MEXICO CITY -- Local wags are calling them the "unpresentable ones."
They are a handful of influential politicians, super-rich union leaders, their relatives and others who were quietly elected to Congress in last week's vote without lifting a finger to campaign.
News of their ascent is the latest twist in the aftermath of the July 1 election, which gave Mexico a president-elect and new Congress but which has been dogged by reports of vote-buying and other hanky-panky.
Mexicans choose their federal senators and representatives by voting for a party and its slate of candidates, not for an individual person. Names of most candidates appear on the ballot. However, there is an elite group of candidates to whom the party leadership promises seats, whose names do not appear on the ballot. They do not campaign; they do not make public appearances. Most Mexicans probably are not even aware they are waiting in the wings.
For the parties, these candidates are useful because they inject a lot of money, in some cases, or their bids for office are a way to pay back favors. But they are individuals who have been wrapped up in controversies that might otherwise make their participation a liability.
"These are people whom Mexican society has repudiated," analyst Lorenzo Meyer said Monday in a radio program. "They have no reason to be there [in Congress] and ... some should be in prison." [link in Spanish]
Final results from the vote, which also elected the next president, Enrique Peña Nieto, made it possible to see who some of these questionable senators and representatives will be. They include:
-- Carlos Romero Deschamps, the super-powerful, very rich head of the union for workers in the gigantic state oil company Pemex.
-- The daughter and grandson of Elba Esther Gordillo, the much-criticized "president for life" of the equally powerful teachers union.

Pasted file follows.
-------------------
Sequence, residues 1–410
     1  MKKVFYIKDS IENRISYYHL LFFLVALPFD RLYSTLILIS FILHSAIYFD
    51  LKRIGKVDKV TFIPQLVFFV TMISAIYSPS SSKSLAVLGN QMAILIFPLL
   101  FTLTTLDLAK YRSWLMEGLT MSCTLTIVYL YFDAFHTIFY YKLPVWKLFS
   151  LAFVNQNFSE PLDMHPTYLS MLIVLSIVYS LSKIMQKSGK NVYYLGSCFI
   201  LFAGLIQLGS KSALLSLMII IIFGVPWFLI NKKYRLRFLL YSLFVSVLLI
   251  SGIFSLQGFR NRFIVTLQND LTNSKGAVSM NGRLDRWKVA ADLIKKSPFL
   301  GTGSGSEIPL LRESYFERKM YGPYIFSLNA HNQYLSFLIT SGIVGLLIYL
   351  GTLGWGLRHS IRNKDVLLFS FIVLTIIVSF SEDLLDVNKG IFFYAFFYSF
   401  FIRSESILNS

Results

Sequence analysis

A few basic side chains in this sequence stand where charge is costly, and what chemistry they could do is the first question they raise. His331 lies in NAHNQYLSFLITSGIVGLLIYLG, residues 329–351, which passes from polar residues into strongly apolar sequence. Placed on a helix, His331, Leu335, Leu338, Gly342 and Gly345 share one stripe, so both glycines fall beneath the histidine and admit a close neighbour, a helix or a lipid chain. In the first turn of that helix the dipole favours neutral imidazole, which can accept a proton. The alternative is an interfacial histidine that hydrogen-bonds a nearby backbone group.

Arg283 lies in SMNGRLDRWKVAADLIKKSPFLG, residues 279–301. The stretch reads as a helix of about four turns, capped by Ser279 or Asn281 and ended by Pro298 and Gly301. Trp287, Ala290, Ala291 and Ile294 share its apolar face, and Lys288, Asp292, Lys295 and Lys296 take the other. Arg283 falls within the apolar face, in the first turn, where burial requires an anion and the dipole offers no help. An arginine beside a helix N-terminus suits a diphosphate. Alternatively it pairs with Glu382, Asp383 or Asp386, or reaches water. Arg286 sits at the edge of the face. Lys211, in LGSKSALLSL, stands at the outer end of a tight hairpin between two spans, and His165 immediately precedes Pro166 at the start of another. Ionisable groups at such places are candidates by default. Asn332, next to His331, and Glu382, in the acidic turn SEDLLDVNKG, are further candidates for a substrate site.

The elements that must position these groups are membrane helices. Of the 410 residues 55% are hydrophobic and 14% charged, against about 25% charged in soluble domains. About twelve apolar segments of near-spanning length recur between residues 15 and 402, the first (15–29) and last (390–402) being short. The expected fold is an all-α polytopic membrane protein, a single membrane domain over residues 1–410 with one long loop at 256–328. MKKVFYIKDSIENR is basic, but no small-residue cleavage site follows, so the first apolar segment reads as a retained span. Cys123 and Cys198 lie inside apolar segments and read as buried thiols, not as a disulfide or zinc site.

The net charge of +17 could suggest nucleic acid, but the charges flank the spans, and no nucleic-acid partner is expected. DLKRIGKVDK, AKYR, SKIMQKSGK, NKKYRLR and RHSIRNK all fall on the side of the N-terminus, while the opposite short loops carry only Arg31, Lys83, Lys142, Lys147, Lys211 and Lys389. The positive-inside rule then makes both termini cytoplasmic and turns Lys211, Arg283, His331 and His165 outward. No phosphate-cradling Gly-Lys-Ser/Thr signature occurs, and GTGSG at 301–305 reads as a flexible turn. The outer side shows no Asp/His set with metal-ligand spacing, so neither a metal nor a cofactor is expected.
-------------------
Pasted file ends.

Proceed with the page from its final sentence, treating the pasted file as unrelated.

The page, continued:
--Several people closely tied to the giant television broadcaster Televisa, which holds a virtual monopoly in Mexico and has been vigorously criticized for favorable coverage of Peña Nieto.
Most, but not all, of the so-called impresentables were on the slate belonging to Peña Nieto's Institutional Revolutionary Party, or PRI.
"This has become a route of access for stinky [candidates] from various parties," Mexican academic and political analyst Denise Dresser said. The problem, she said, is that the presence of some of these people could work to block the kinds of reforms that Mexicans say they desperately need.
"They do not represent the citizens," she said, also speaking on radio. "They represent the veto; they represent vested interests; they represent the status quo."
Most experts agree that Mexico's entrenched system of monopolies and its bloated, corrupt unions have stalled the nation's progress.
A recount confirmed Peña Nieto's victory, returning the PRI, which ruled for seven decades, to power after a 12-year hiatus. But the leftist candidate who came in second, Andres Manuel Lopez Obrador, his supporters, several student groups and others are challenging the results.
-- Tracy Wilkinson
Photo: Huge groups of students and others gather Saturday in Mexico City's central Zocalo to protest a final count showing that Enrique Peña Nieto won the presidential election. Demonstrators believe Peña Nieto's Institutional Revolutionary Party engaged in widespread vote-buying to influence the outcome. Credit: Marco Ugarte / Associated Press